There is a well-known phenomenon known as "customers don't know what they want".
Very few product professionals will argue this point. This is especially true when facing an innovative solution where consumers have nothing historical to compare against it. Yet it is less true when you are offering an evolutionary product offering.
For example, the leap from rotary phones to cell phones – this was a novel category shift.
It was an innovation that was not immediately identifiable by the common customer of the rotary phone. They didn't know that they wanted to fit a phone into their pocket and have games to play while killing time between events.
Yet, once you fast forward from corded home phones to wireless home phones you can start to see the evolutionary path that suggests that phones could get more mobile and smaller – it was still a leap for wanting apps in your pocket.
So if customers don't know what they want, what do they know?
Well, they know what they don't want. They know what they've tried in the past to avoid these pains. They know if previous solutions resolved the problem. They can offer suggestions for how to tweak existing solutions into what they *think* they want.
Yes, in evolutionary cases they can provide good directions, yet be cautious of taking their word for it. If it is a small idea and you can iterate your product to quickly validate the request before investing too much, then fire away. If it is a bigger idea – amounting to a big strategic bet – then you must validate it via solution experiments.
You shouldn’t just claim that customers don’t know what they want until you give it to them. In fact, out smarting customers can be an expensive investment. If your revolutionary product or service requires too large of a leap for consumers, then you will certainly find yourself stuck at the chasm, only serving early adopters. This is because the early majority is far more pragmatic. As such, you must meet them where they are at and bridge them to where you want them to be, eliminating the leaps, providing measurable value at every step of their path in bite size chunks.
So what are you to do? Well the first thing you have to do is get out of the lab and talk to people. You must validate your perspective with potential customers.
How do you go about that?
What do you talk to them about?
What don't you talk to them about?
It can be confusing … and if you do not do it right, you may decide that it doesn't work.
Voice of Customer discovery is a deep topic so here we will only cover the highlights of the process at the 100,000 foot view.
The first step is to work through your problem space activities such as Voice of Customer interviews, jobs to be done, divergent brainstorming, etc. as this will arm you with the right facts to create a foundation for your hypotheses. You can exit the problem space when you have validated that when you talk about your prospects problem, it resonates with them as a 10x problem.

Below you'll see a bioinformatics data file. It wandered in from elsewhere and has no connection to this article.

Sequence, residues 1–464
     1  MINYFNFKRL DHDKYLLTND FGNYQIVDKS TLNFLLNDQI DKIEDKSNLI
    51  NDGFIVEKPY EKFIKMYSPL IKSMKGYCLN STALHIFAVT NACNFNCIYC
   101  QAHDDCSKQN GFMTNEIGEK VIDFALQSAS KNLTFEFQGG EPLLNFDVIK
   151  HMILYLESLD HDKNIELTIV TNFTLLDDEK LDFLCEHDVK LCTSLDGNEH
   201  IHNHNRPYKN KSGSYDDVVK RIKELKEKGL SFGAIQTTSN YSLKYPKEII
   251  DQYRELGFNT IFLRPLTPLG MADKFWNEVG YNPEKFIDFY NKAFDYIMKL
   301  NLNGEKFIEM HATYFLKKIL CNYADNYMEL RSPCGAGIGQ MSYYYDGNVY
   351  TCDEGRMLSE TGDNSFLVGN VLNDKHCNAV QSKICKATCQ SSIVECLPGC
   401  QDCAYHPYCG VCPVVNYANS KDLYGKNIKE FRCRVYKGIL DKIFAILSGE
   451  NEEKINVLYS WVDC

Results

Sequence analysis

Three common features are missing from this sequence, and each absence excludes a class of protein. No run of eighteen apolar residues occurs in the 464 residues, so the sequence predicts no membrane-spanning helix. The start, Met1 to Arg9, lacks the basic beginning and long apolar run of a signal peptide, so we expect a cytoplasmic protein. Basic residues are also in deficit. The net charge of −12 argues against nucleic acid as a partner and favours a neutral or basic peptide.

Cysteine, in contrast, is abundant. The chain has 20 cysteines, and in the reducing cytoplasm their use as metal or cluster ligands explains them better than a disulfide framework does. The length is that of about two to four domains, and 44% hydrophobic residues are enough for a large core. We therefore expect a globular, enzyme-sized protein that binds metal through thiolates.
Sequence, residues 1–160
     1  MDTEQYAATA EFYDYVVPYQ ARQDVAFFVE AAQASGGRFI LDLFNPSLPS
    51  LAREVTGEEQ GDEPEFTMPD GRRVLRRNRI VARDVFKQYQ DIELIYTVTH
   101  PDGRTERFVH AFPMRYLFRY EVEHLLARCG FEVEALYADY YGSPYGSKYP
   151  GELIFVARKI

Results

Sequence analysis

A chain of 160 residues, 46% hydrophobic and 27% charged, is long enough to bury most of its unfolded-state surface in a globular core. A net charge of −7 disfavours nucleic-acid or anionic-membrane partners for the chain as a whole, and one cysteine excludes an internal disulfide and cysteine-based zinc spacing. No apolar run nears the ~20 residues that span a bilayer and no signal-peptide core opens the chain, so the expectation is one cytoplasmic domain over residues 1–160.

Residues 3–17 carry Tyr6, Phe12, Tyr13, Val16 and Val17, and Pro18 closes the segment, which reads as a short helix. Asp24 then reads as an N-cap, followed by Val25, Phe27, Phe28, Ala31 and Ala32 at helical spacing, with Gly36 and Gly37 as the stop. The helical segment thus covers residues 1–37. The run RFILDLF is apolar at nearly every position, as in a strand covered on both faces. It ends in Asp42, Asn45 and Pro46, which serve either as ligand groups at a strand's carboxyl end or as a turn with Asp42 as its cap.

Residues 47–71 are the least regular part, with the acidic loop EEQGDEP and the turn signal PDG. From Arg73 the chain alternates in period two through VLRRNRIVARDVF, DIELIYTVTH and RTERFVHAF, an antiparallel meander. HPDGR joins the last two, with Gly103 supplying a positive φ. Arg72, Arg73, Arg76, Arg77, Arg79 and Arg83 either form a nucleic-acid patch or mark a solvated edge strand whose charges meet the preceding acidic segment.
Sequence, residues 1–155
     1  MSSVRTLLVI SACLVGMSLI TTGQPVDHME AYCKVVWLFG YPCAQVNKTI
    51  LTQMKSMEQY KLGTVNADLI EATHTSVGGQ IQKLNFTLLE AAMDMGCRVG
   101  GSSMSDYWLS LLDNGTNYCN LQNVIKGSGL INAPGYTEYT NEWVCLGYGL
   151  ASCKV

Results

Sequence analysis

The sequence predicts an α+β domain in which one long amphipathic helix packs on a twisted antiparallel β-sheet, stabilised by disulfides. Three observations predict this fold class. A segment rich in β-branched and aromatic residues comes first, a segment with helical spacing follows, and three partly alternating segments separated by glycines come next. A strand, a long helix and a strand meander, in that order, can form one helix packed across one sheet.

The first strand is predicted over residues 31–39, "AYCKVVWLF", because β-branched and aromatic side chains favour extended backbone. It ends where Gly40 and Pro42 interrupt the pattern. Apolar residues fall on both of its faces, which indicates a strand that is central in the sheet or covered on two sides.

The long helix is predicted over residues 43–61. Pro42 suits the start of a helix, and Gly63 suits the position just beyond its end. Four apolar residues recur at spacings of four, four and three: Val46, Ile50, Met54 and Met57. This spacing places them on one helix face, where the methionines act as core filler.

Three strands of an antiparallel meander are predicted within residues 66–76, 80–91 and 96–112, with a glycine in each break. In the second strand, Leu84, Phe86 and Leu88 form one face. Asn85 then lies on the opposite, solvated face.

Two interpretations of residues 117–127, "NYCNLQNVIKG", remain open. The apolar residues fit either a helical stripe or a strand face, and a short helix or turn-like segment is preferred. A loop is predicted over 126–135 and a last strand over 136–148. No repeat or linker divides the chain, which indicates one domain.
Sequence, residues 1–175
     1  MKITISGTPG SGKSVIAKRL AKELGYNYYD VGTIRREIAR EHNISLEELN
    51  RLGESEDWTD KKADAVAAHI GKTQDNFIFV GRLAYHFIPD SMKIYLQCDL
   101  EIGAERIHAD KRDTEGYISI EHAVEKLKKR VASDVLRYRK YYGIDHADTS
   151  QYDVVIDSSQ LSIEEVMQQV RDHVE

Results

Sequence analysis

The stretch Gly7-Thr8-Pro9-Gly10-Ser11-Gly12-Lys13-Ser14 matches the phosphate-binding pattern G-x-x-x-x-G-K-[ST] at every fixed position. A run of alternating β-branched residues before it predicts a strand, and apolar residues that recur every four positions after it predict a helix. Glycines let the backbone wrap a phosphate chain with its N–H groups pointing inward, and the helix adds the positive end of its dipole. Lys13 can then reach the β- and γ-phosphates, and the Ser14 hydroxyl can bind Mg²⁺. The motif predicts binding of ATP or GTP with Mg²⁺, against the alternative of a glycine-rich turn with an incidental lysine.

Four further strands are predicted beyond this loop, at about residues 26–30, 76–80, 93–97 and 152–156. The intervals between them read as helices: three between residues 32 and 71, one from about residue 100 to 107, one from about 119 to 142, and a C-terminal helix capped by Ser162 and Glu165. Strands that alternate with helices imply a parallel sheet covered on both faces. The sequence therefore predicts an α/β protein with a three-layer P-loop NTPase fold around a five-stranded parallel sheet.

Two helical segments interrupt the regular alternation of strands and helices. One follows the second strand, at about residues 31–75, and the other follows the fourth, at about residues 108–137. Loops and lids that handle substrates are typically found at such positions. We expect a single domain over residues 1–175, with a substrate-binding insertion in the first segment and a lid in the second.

Don't fall victim to failing the Grandma test. This is where you tell your Grandma all about the merits for the “great idea” that you have. It is a misstep because of course your Grandma is going to confirm that it is a great idea and that you should definitely do it (because she wants to be supportive of you and your relationship). Telling your customers about the solution you have before you validate that they have the pain that you are looking to solve, creates the same echo chamber and gives you an invalid green light.
Next, you are ready to enter the solution space to identify the optimal solution concept. Formalize your hypotheses, run experience tests for risky bets, measure, and evaluate. Once you have mock experiences with customers that validate you have a novel solution that resonates with your prospects, you are ready to begin the productization phase.
NOTE: TIP ABOUT OPINIONS FROM THE PRAGMATIC MARKETING FRAMEWORK
If un-validated personal opinions continue to haunt your planning conversations then place this quote on the wall of every conference room – "Your opinion, although interesting, is irrelevant. Get out of the building and talk to Customers".
In the end, while customers may not have the answers, they have all of the problems … and without those facts, you cannot accurately define the proper solution or product.
Corrective Advice Recap
- Get out of the lab & talk to customers and prospect.
- Ensure you are not using leading questions – they skew your discovery results.
- Perform experience experiments, measure, evaluate, and iterate – iterating with pre code investments is significantly less expensive.
- Remember that customers and prospects have MANY of the facts that you need to build viable strategies.
- Recognize that you can have a novel solution to a validated problem which may still flop in the market because you overshot market adoption preparedness – ensure that you are meeting your customers where they are at, providing solutions that bridge them to where you want them to be.
- Have candid conversations about not understanding someone’s reasons for solution optimism.